Iran: Protests continue over building collapse, demonstrators chant anti-government slogans
The recent building collapse in a region of Iran has sparked protests from locals, including residents of other cities. As the demonstrations continued, many protesters chanted anti-government slogans as search and rescue missions were ongoing.
Reuters reports the protests taking place in several Iranian cities are continuing over a building collapse. In videos posted on social media, demonstrators could be heard shouting anti-government slogans over the collapse, which authorities blamed on individual corruption and lax safety measures, and 13 people were arrested for violating construction regulations.
The demonstrators blamed the collapse on government negligence and corruption.
Officials said that the number of fatalities from the collapse went up to 34, with 37 people injured. Rescue workers are continuing efforts to look for more people under the rubble.
In a video shared on Twitter, there were shouts of “death to Khamenei,” referencing Iran’s Supreme Leader Ali Khamenei, reportedly coming from the Nazi-abad district of southern Tehran. To note, the government considers the anti-Khamenei slogans as a “red line.”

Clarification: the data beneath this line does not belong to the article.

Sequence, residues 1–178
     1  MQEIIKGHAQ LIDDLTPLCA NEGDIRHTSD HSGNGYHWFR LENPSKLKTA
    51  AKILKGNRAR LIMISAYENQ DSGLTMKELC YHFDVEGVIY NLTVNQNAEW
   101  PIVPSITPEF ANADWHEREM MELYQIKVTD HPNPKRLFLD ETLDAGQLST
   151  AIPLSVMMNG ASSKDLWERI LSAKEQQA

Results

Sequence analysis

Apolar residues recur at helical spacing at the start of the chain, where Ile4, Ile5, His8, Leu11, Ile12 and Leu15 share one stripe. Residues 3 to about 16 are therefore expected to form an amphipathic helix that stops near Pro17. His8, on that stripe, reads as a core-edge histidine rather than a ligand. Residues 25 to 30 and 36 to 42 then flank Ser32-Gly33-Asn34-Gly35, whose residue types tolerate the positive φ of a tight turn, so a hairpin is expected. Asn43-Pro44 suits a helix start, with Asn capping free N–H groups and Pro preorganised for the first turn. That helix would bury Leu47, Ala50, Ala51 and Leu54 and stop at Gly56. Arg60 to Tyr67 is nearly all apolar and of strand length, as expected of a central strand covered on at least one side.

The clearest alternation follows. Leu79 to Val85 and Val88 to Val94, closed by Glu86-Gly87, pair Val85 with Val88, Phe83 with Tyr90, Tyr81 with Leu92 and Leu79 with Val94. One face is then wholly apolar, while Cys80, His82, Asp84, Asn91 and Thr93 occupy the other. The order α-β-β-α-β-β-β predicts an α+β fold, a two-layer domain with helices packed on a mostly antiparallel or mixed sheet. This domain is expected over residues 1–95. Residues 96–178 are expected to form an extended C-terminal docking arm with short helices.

In another unverified video shared on the platform, Iranian law enforcement was attempting to disperse the protests through intimidation. In the protests at the southern area of Bushehr, the demonstrators were heard chanting “death to the dictator,” also referencing Khamenei.
“They’re lying that it’s America; our enemy is right here,” demonstrators were heard shouting, a common slogan in the anti-government protests in the country.
This comes at a time when residents have grown frustrated with the rising prices of food and other economic problems amidst paused efforts to revive the 2015 nuclear deal that would relieve Iran of sanctions.
Tehran has criticized the report given by the International Atomic Energy Agency regarding its nuclear activities in another potential clash with the Western powers who are looking to revive the deal.
This follows the report by the UN watchdog Friday last week, saying that Iran has not given substantial answers about where the particles of uranium in its undeclared nuclear facilities are coming from.
France’s deputy foreign ministry spokesperson Francois Delmas told reporters that France is calling on Tehran to respond to the questions and concerns of the IAEA under the safeguards agreement.